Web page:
Element 4 : Hardwood initiative - Development of new processes and technologies in the hardwood industry (Project 17) - Impact of partial harvesting on tree grade: projections for northern hardwoods of the Acadian Forest Region
The objective of commercial thinning and partial harvesting has traditionally been to improve and increase the amount of higher quality stems for sawlog and veneer products, reduce losses from mortality, and reduce the harvest rotations for even-aged silvicultural systems. Literature on the impact of partial harvesting on stand dynamics, tree grade changes, fibre attributes, and potential forest products to promote uneven-aged and structures and management is scare for the northern hardwood forests of the Acadian Forest Region. A long-term selection harvest study established in west-central New Brunswick provides the opportunity to obtain such information under the FPInnovations and Natural Resources Canada, Canadian Wood Fibre Centre Eastern Hardwood Research Initiative. Results from the study suggest that the treated stands did benefit in the terms of growth and improved quality, but stand restoration is a slow process in the second growth uneven-aged stands on a 20-year harvest cycles. Stand growth responses and tree grade changes for both the control and treated plots are within the values reported for northern hardwood stands and are influenced by a number of treatment and biological factors.
The results of fifteen years of observation are discussed in the context of the major publications existing in the literature for stand dynamics, tree grade changes, and the occurrence of ingrowth. In summary, greater is the basal area removal, the greater the diameter response of individual residual trees in the thinned plots. The thinned stands have not recovered the basal area values that existed at the initiation of this study Annual volume increment growth rates suggest that hardwood stands subjected to partial removals produced better growth response than was predicted at the start of the original study. Stand restoration and stem quality improvement are slow processes that may not be achieved with a first harvest entry in second-growth northern hardwood stands that have had the higher quality trees removed repeatedly in the past. Changes in tree grades were observed to be very dynamic in these second-growth northern hardwood stands because of a number of factors such as initial stem quality, stem growth, mortality rates, harvest rates (both regulated and unregulated), species, and site quality. As expected, ingrowth occurred more frequently in the thinned stands than the control stands. Except for one study site with more “mixedwood” characteristics ingrowth does not exist as a diverse mixture of desired tree species but a secondary canopy of dense American beech and sugar maple.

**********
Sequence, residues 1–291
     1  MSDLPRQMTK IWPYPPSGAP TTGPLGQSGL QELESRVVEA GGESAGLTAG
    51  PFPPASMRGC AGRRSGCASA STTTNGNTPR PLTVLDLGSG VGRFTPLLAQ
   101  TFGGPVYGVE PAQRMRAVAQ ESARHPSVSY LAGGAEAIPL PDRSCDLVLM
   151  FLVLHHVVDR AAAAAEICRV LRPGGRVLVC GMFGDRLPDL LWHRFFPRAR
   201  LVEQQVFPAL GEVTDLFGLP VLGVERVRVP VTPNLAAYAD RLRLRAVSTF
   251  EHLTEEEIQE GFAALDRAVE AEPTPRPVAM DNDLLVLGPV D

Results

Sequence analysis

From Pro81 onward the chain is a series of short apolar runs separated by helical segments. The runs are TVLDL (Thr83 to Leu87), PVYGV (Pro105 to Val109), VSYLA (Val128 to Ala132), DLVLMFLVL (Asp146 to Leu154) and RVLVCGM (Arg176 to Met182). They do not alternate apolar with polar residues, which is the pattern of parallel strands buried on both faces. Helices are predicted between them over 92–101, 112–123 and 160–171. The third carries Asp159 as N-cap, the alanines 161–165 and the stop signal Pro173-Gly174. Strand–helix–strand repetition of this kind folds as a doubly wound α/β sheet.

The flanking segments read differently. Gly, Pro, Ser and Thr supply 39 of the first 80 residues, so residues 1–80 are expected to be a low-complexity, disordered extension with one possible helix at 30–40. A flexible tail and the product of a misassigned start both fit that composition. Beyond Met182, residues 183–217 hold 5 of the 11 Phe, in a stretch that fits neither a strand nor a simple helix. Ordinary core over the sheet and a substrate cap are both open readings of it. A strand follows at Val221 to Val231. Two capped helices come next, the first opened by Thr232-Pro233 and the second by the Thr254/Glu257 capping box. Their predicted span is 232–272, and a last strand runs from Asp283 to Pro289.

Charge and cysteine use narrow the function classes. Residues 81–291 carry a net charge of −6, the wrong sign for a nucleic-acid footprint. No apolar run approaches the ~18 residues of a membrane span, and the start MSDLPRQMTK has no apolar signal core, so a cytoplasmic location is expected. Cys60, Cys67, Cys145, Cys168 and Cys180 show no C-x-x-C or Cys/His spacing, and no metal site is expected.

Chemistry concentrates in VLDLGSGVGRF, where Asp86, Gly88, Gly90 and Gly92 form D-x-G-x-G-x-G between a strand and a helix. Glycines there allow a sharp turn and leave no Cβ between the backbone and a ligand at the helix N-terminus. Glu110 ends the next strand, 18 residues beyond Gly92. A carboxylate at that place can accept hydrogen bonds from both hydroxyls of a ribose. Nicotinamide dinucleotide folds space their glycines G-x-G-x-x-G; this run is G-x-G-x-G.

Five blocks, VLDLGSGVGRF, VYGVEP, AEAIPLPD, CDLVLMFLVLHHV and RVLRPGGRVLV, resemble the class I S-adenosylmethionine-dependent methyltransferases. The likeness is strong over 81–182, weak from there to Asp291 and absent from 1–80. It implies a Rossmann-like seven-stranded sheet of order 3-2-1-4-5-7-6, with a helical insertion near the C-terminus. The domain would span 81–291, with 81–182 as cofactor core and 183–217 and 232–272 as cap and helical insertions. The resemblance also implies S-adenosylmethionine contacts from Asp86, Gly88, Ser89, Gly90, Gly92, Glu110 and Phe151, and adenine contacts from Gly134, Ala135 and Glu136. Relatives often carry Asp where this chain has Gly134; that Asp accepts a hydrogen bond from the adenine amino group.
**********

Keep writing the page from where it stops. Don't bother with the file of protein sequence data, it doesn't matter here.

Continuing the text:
Hardwood Initiative - Part 5: Development of new processes and technologies in the hardwood industry (Project 16) ; Testing the impacts of tree and stand attributes on the variability of acoustic velocity in standing trees (ST300) and logs (HM200)
Transformative Technologies Program ; Project No. TT5.15
Hardwood Initiative Project is based on two paradigms. First, the end-use potential and value of a wood product basket can be determined by the properties of its wood and should be quantified as much as possible before trees are harvested. Second, as the correlations between site conditions and wood fibre attributes can be changed by silvicultural treatments, it would be possible to optimize the wood production in terms of quantity and quality through a better understanding of silvicultural impacts on changes in wood fibre properties. This document presents the preliminary results of a research component of the project related to acoustic velocity. It focuses on testing the impacts of tree and stand attributes on the variability of non-destructive velocity (ST300 non-destructive measurement in standing tree) and of destructive velocity (HM200 destructive measurement in log). The acoustic measurements were conducted in 30 plots of sugar maple mixed with yellow birch in New Brunswick. Among the trees measured, 64 trees have been subjected to both non-destructive and destructive velocity measurement. Regression analysis by mixed model showed no significant impact of stand attributes (stand basal area and stand height) on the variation of both velocities. In addition, the defects represented by stem deformation, hole, split, wound, and stump swelling, had no significant impact on both velocities. By cons, the test showed a significant correlation between both velocities and dbh and light crown area of the tree. Non-destructive velocity was better explained by dbh and light crown than the destructive velocity. These results open the potential to produce an equation to predict the non-destructive acoustic velocity of the tree using simple tree attributes (e.g., dbh and light crown) as predictors, and to prescribe the thinning intensity for a desired level of velocity and then a desired level of wood density or stiffness.
Full title: Hardwood Initiative - Part 5: Development of new processes and technologies in the hardwood industry (Project 16) : Testing the impacts of tree and stand attributes on the variability of acoustic velocity in standing trees (ST300) and logs (HM200)